Formerly an email newsletter about all things NFL, it's now a blog about all things NFL, but mostly all things Dallas Cowboys. Probably with a dose of politics, food, and college football.

Friday, August 05, 2005

Peter King's Somethingest Something

A few years ago Peter King lamented why WE have to dub something the "somethingest something." Yet Pete does this routinely. Pretty much weekly, or oftener during the preseason, when his diaries appear daily at

From August 4th:

"What did you think of 'Seabiscuit'?'' I ask.

"Haven't read it,'' Shanahan says. "Saw the movie. Really liked it.''

"You've got to read the book,'' I say. "It's better. One of the best sports books ever.''

Pete's always good for an eye roll or three. In the same column he rags on his 4-star hotel, in this case, the exercise equipment at the Westin in Denver:
And one gripe with the elliptical trainer, by the way: It's got a 15-minute limit on it. Did you know, Westinians, that you need to get 20 minutes of a 135-beat heartbeat, consecutively, four times a week, to do the right thing for your heart? Give us a 20-minute limit, at least.
Maybe they do things differently in a hotel exercise room, but how does the hotel put a governor on an elliptical trainer, and why would they? Shouldn't Pete be aggravated with the manufacturer? I suppose it is Westin's fault for buying the inferior machine.

Then again, just start the stupid thing over and quit after five more minutes. How inconvenient could that really be? Stupid 4-star hotels.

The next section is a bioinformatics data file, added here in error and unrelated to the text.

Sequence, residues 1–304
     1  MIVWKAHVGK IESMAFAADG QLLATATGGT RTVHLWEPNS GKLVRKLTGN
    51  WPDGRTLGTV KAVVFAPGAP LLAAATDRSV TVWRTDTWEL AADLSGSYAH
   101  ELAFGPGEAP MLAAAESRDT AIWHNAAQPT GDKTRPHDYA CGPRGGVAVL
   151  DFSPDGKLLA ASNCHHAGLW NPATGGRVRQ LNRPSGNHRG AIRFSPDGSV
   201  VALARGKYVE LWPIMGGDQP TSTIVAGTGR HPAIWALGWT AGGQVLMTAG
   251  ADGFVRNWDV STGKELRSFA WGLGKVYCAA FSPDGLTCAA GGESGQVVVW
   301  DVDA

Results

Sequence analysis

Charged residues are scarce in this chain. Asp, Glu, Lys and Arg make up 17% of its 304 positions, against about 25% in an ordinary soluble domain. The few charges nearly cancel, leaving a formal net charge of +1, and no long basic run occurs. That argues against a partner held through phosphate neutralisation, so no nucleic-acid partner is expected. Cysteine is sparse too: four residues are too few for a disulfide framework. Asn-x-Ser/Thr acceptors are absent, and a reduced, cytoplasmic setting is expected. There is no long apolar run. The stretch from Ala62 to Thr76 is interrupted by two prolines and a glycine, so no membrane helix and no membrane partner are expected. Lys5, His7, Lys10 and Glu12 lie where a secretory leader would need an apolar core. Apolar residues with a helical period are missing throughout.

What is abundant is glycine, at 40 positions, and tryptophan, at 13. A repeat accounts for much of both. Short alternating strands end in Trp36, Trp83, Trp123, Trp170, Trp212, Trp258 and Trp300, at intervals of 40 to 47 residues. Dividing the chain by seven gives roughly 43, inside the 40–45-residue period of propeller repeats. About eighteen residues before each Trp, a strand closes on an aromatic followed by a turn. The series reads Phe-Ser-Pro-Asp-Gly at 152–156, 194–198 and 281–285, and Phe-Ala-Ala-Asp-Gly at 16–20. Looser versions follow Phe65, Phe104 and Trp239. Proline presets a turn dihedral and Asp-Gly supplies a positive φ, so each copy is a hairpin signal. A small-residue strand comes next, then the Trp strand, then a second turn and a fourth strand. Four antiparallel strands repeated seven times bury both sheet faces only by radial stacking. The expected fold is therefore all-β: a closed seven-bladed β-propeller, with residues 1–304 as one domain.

The chicken or the egg: Cornerback

Hot on the heels of a press release at, the Abilene Reporter News has two stories about CB Terence Newman getting his swagger back.

Swagger, swagger, blah blah blah. I get so sick of hearing about swagger. I understand the role of confidence in sports, but isn’t confidence borne of demonstrated ability? Otherwise, isn’t it just hope?

A confident player is one who knows he can. A player that thinks he can may become confident, but will doubt himself until he actually does.

The converse must also be true. Newman didn’t lose his confidence and start playing poorly. He started playing poorly and lost his confidence Cause and effect.. If he was successful before, and thus, confident, he was unsuccessful for a period of time that made him lose confidence.

So if he’s playing well in camp, that’s great. But tell me he’s covering great. Don’t tell me he’s getting his confidence back as if that’s the thing. The play’s the thing.

Thursday, August 04, 2005

Least Controversial Position: Quarterback

The Dallas Morning News did a story on the backup QBs the other day, a day after the Cowboys’ own website did the same.


Eh, maybe that’s too harsh. As team websites go, is pretty good. Constantly updated, and while the criticism is never harsh, they’re not too cheerleader-y over there. Unless it’s Mick Spagnola cheerleading for Chad Hutchinson, but that has entertainment value.

The DMN could do worse on their own than just copying Cowboys press releases.

The only difference in the two stories about Henson and Romo was that Henson may, or may not, be reverting back to a sidearm motion after throwing 6,000 passes this offseason.